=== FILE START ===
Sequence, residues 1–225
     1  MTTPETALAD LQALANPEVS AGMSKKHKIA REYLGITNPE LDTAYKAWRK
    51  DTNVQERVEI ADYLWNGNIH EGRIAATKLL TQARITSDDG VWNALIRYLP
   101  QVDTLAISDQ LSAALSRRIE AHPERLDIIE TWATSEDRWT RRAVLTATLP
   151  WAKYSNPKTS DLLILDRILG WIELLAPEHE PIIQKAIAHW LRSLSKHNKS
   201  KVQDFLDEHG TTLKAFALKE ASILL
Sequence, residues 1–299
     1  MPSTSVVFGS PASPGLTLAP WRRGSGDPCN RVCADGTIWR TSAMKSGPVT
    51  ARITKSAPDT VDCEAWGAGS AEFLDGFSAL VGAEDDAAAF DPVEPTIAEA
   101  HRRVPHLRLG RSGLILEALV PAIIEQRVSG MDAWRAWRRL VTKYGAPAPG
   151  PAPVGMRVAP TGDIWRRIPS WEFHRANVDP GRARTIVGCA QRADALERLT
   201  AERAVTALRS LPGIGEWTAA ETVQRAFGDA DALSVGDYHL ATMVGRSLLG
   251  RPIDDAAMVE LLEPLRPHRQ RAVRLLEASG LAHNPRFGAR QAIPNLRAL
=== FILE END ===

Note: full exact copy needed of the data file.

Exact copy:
Sequence, residues 1–225
     1  MTTPETALAD LQALANPEVS AGMSKKHKIA REYLGITNPE LDTAYKAWRK
    51  DTNVQERVEI ADYLWNGNIH EGRIAATKLL TQARITSDDG VWNALIRYLP
   101  QVDTLAISDQ LSAALSRRIE AHPERLDIIE TWATSEDRWT RRAVLTATLP
   151  WAKYSNPKTS DLLILDRILG WIELLAPEHE PIIQKAIAHW LRSLSKHNKS
   201  KVQDFLDEHG TTLKAFALKE ASILL
Sequence, residues 1–299
     1  MPSTSVVFGS PASPGLTLAP WRRGSGDPCN RVCADGTIWR TSAMKSGPVT
    51  ARITKSAPDT VDCEAWGAGS AEFLDGFSAL VGAEDDAAAF DPVEPTIAEA
   101  HRRVPHLRLG RSGLILEALV PAIIEQRVSG MDAWRAWRRL VTKYGAPAPG
   151  PAPVGMRVAP TGDIWRRIPS WEFHRANVDP GRARTIVGCA QRADALERLT
   201  AERAVTALRS LPGIGEWTAA ETVQRAFGDA DALSVGDYHL ATMVGRSLLG
   251  RPIDDAAMVE LLEPLRPHRQ RAVRLLEASG LAHNPRFGAR QAIPNLRAL